The balance of power in gaming


X86 is a major platform of choice

By Jon Peddie


The gaming hardware market is huge, and bewildering because of its diversity and the marketing hype associated with it. We’ve been monitoring and measuring the gaming market for over a decade, and felt it was time to share some of our findings and clear up some of the misunderstandings about the market and the suppliers. The major take away is that when x86-based gaming is examined, AMD is the clear winner.

Gaming falls into several camps, device size, main processor type, OS, screen size, budget, time spent, etc. The gaming community is so large; no single demographic can define it.

A breakdown of the gamer community

Partial demographic of the gamer community


Gamers also typically enjoy their hobby multiple ways, including owning multiple game consoles, PC gaming, and gaming at iCafe/net cafes and arcades.

For this report, we are looking strictly at x86-based machines used for gaming. Those machines fall into three platforms, consoles, notebooks, and desktops. And although some x86-based tablets were made and presumably could be used for gaming, we categorize them the same as an ARM-based device running Android, or a smaller version of windows, and are not included in this report because the gamer profile tends to be the same.

We define the market as consisting of three types of players: Enthusiast, Core gamer, and casual gamer. Included in the enthusiast class would be the professional gamers who play in tournaments for prize money or sponsorship. We do not make any distinction about gender, nor do we make any distinction about age, or geographic location. Generally speaking, these categories have to do with the amount time the gamers spend playing computer/video games, and the class or type of games being played.

The equipment a gamer has will depend upon his or her economic situation, so an Enthusiast may only be able to afford entry-level or mainstream equipment, or a last generation console, where a high-end gamer will have the latest PC, graphics add-in board (AIB) and/or the latest console; in between is the midrange equipment.

The hardware tiers are:

  • Entry-Level (Mainstream)
  • Mid-range (Performance)
  • High-End (Enthusiast)
The graphics segments in PCs
The graphics segments in PCs

The tiers for gamer time commitment are:

  • Light
  • Moderate (Casual)
  • Intensive (Core)
  • Extreme (Enthusiast)

To arrive at the equipment in use, we looked at the installed base of the latest consoles (Microsoft Xbox-One, Nintendo Wii and Wii U, and the Sony PS4). We also looked at the installed base of AIBs used for gaming and acquired over the past three years. And we looked at the installed base of integrated graphics in Notebooks (AMD APUs, Intel integrated).

Not all graphics AIBs go to gamers, but a good percentage of them do, and not many notebooks (with integrated graphics or discrete GPUs) are used for gaming. However, all consoles are used for gaming.

To arrive at the gaming AIBs model, we used the following diagram.


Approximately 73.8% of all graphics AIBs end up in gaming PCs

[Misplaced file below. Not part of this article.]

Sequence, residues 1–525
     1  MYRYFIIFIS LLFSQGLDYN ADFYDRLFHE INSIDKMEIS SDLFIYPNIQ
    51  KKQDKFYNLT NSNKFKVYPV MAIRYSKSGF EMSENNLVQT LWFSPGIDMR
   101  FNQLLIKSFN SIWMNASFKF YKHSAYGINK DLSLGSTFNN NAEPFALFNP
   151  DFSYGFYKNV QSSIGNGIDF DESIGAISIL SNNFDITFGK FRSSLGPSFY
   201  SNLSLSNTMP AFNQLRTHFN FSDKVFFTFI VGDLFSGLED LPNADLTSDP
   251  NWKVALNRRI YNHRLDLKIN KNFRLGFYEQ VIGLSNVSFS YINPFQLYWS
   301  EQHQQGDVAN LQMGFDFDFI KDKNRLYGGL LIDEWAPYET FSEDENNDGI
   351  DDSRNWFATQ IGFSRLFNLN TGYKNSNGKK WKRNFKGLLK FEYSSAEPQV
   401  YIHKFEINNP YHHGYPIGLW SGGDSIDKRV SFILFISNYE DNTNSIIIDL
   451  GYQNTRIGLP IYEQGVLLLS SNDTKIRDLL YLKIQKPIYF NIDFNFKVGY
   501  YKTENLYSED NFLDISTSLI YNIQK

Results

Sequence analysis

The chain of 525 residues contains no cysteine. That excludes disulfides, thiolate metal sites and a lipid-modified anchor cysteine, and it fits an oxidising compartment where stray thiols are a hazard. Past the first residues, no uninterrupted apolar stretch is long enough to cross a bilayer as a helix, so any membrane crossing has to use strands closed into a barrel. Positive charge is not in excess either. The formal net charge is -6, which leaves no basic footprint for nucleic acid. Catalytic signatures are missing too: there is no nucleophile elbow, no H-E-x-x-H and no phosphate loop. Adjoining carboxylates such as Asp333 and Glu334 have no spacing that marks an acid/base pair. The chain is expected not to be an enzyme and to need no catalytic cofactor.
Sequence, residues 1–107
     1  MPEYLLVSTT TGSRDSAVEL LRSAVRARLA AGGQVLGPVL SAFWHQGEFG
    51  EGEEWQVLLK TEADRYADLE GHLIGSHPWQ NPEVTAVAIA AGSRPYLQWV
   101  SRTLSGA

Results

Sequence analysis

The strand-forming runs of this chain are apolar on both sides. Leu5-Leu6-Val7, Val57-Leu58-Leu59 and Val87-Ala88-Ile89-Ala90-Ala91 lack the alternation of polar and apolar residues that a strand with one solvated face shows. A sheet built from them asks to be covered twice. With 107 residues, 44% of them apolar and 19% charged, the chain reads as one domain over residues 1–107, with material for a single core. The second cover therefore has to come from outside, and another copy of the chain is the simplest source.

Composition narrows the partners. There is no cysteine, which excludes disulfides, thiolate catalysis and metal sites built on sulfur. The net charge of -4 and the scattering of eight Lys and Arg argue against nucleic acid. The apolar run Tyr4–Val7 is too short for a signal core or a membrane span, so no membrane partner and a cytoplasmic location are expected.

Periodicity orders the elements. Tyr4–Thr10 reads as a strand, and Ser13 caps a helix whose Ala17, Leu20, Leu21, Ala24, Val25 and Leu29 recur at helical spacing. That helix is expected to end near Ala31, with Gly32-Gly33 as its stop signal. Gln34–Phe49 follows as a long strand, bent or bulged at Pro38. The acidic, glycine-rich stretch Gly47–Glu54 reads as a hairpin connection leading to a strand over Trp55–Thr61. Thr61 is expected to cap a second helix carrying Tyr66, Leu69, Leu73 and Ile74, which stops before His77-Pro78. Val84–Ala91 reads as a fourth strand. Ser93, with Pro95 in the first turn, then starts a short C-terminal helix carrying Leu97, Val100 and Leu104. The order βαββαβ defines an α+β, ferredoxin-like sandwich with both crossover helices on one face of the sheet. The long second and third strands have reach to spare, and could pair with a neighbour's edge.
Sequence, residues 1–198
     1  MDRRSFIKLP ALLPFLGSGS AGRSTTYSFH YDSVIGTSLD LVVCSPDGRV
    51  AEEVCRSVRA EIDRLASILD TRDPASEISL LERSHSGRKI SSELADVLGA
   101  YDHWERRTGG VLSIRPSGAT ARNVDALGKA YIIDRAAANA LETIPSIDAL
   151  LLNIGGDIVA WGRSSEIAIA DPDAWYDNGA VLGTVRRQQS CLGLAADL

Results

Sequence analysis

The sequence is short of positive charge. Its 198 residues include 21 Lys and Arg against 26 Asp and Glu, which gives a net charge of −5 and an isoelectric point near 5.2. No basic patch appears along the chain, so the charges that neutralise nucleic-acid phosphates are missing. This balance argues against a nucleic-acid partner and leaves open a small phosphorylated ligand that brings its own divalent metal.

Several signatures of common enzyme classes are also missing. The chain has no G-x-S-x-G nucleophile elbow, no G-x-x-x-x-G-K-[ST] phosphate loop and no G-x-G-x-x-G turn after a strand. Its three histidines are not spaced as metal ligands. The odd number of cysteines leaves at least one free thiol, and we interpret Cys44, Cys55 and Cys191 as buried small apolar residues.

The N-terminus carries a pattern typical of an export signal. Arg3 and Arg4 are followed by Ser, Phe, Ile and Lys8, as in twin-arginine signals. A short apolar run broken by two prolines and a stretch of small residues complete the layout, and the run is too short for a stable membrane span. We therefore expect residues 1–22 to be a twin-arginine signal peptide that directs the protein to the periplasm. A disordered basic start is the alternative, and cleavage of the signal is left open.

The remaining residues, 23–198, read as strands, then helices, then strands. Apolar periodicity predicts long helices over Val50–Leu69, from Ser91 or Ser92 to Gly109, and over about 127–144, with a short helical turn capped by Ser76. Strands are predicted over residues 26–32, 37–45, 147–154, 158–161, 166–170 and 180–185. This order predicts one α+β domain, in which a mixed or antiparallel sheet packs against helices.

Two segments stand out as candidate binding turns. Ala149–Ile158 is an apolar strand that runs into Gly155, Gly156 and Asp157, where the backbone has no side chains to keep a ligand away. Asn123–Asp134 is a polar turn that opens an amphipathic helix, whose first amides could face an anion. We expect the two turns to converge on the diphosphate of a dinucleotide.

Approximately 73.8% of all graphics AIBs end up in gaming PCs


Based on Steam user data, we conclude that 16.5% of desktop machines used for gaming are using Intel integrated graphics (Southeast Asia represents about 6.5 percent of Valve’s global Steam gamers). Steam data does not differentiate desktop from notebook integrated graphics. Therefore, we applied the same percentage to Intel for notebooks and based on the AMD to Intel integrated notebook ratio (our quarterly data collection of mobile integrated GPU shipments), normalized AMD’s notebook integrated gamer utilization.

We also used Steam data to estimate the market share for AMD and Nvidia mobile discrete GPUs used for gaming based on our quarterly data collection of mobile discrete GPU shipments.

We used company financial reports to arrive at the shipments and installed base of gaming consoles.

 PC Data

For the past seven years, the three major vendors installed base of GPUs for PC gaming declined slowly following the PC’s decline.


The total gaming GPU systems installed today amount to over 800 million as shown in the following chart.


The list includes PCs used in gaming, PS3, PS4, PS4 pro, Xbox360, Xbox one, Wii, and WiiU.

If you just look at ×86-based gaming machines, you get the following chart.


The list includes PCs used in gaming, PS4, PS4 pro, Xbox360, and Xbox One.

With the gaming GPU hardware market being $30 billion dollars in 2016, growing to $33+ billion in 2019 the market opportunity is very large. The total gaming hardware market is even larger—over $290 billion in cumulative sales.


The gaming community of players using x86 consoles and PCs has over 800 million people participating in 2016, growing to 875 million in 2019. It is no wonder we pay special attention when it comes to the balance of power in gaming. Developers too should do the same as they often make significant business decisions when deciding on the platforms that they are targeting.

What do we think?

Intel is the volume leader in shipping integrated GPUs in the PC, however, only a small portion of them are used in gaming, Nvidia is the leader in discrete GPUs in the PC.

However, when we look at the x86 console and the PC market as a whole, the numbers above tell an interesting story. More gamers are playing on Radeon graphics than Intel and Nvidia combined. AMD’s position in game consoles combined with a strong position in the PC market puts it in unique, market leading position when it comes to gamers. And that is a great position to be in when you think of upcoming gaming possibility of VR coming to market.

Jon Peddie is President of Jon Peddie Research, which publishes GraphicSpeak.